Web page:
Michael Caine is apparently in the last-legs/ tear-jerker phase of his career, and it's almost unfair.
Unfair that one of the movies' most facile talents, still in full possession of his powers and wits, can deploy them to work on us the way he does in "Is Anybody There?"
Caine plays Clarence, a retired magician with off-and-on senility who moves into a ramshackle old folks home (circa 1987, for some reason), where he first alienates and then befriends the morbid little boy (Bill Milner) who belongs to the proprietors.
The title refers to the lad's fixation on the afterlife - he wants to know what happens to the rest home's old people when they die, and finds a strange kind of comfort in imagining that they haunt the place.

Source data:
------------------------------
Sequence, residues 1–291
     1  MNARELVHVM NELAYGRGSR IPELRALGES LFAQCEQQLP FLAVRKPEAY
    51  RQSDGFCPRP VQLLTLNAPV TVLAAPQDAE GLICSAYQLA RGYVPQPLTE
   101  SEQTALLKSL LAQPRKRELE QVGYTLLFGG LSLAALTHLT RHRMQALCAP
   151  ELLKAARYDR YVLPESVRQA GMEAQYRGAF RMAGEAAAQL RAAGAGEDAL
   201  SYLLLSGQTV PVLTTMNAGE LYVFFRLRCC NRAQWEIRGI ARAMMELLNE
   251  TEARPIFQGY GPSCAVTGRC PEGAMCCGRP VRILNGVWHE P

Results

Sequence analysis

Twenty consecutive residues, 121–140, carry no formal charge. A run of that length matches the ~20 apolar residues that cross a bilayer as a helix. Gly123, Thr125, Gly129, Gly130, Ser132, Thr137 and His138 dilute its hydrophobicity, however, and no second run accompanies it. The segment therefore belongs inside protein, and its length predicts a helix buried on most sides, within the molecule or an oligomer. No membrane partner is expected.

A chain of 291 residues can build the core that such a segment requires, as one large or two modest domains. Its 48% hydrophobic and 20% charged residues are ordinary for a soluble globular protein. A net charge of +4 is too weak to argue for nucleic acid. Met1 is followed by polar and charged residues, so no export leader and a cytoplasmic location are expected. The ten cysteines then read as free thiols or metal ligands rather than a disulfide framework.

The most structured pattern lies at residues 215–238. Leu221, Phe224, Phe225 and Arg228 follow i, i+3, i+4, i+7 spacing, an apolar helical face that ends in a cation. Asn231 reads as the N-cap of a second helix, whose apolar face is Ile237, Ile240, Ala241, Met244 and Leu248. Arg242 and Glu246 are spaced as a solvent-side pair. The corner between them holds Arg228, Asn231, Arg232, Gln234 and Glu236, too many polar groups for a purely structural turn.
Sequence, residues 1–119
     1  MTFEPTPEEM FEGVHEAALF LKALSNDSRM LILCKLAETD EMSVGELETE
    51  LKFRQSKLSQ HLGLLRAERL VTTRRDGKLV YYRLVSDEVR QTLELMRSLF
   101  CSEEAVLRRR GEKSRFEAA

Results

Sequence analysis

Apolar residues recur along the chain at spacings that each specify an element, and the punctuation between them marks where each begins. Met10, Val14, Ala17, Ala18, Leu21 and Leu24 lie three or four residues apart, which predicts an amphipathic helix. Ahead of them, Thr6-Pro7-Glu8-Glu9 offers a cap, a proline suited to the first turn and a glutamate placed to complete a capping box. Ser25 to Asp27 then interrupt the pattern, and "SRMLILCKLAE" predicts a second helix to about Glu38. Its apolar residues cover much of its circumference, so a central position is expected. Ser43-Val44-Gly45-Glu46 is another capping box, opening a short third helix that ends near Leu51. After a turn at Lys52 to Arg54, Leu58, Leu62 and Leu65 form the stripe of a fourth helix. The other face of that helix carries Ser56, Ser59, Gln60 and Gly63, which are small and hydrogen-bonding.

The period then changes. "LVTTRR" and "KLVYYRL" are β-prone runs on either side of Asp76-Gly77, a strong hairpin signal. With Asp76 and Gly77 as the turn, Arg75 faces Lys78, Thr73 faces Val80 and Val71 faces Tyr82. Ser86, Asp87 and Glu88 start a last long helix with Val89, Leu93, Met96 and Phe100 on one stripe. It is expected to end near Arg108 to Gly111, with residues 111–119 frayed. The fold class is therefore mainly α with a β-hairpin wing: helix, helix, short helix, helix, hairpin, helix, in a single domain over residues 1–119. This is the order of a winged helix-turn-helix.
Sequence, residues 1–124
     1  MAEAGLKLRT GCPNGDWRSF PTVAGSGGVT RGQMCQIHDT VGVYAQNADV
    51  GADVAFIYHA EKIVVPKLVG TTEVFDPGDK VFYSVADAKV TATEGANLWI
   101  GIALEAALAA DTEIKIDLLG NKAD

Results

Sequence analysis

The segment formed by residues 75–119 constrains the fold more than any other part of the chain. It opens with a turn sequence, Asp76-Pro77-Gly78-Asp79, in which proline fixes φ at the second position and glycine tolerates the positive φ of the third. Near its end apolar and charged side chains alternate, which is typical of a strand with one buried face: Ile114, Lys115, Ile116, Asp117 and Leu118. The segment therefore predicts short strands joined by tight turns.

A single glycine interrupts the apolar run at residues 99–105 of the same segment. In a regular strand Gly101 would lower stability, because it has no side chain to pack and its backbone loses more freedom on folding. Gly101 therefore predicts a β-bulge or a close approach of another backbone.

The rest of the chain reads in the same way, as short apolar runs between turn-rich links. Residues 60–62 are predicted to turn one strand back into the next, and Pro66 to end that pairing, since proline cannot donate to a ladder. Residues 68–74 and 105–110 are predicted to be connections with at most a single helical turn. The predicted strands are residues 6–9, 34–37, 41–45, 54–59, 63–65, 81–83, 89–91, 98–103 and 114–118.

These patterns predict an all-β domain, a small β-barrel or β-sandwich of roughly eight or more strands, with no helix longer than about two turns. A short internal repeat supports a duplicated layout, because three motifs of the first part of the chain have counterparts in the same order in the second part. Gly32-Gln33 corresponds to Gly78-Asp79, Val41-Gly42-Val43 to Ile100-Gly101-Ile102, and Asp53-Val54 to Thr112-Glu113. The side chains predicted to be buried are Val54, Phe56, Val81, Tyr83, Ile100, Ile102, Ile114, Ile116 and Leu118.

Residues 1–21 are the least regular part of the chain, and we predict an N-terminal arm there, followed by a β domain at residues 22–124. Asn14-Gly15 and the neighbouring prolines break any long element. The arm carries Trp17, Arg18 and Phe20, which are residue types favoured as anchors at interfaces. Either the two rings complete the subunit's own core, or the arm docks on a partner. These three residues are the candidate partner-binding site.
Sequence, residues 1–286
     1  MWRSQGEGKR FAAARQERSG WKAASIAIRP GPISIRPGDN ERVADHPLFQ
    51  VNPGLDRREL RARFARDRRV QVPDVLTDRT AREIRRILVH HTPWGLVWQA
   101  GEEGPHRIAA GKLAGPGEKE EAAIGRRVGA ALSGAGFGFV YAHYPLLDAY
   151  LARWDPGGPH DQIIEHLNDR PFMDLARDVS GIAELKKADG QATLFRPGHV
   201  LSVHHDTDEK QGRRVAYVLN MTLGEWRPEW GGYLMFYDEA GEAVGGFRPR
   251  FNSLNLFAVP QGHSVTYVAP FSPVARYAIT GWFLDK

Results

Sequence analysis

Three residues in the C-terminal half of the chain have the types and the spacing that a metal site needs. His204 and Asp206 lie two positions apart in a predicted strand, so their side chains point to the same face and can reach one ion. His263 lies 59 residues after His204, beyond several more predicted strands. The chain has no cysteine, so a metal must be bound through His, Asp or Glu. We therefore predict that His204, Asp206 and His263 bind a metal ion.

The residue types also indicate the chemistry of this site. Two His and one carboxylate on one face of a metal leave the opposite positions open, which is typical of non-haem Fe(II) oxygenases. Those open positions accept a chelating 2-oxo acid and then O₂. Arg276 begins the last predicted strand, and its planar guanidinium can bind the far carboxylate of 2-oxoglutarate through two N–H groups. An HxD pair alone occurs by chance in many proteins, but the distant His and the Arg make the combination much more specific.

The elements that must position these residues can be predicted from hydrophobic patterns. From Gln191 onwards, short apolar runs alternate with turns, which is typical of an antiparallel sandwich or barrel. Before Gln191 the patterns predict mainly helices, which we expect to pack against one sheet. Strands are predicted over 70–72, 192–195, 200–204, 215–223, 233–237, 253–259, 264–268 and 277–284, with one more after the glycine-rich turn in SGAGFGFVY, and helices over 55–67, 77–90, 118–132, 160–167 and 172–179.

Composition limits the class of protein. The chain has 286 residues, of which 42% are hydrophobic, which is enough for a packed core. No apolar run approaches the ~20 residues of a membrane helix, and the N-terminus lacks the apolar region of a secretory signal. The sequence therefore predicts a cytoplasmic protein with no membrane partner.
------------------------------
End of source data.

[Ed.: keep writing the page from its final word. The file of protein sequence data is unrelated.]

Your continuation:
Clarences shuns the boy, then enables him - conducting a seance, exploiting his interest in the supernatural as a means of drawing the boy out of his social-outcast shell.
"Is Anybody There?" sounds dour, but it's as comical and irascible as Clarence himself. The boy's father (David Morrissey), for instance, has a seven-year itch that manifests itself as a mullet cut and oafish come-ons to a buxom staff nurse.
The movie treats the goings and goings of the rest home's short-timers with slightly dark detachment, and Caine of course exactly grasps the offbeat tone of the picture.
He really excels, though, in scenes that become suddenly raw and sincere - standing in front of the grave of his dead wife, alternately remembering and forgetting where he is.
It's good stuff from Caine, an actor who - like Clarence - often pretends that his craft is a simple application of practiced technique.
There's such a thing as real magic, though, and Caine's given us more than his share. *
Produced by Dav*d Heyman, Peter Saraf and Marc Turtletaub, d*rected by John Crowley, wr*tten by Peter Harness, mus*c by Joby Talbot, d*str*buted by B*g Beach.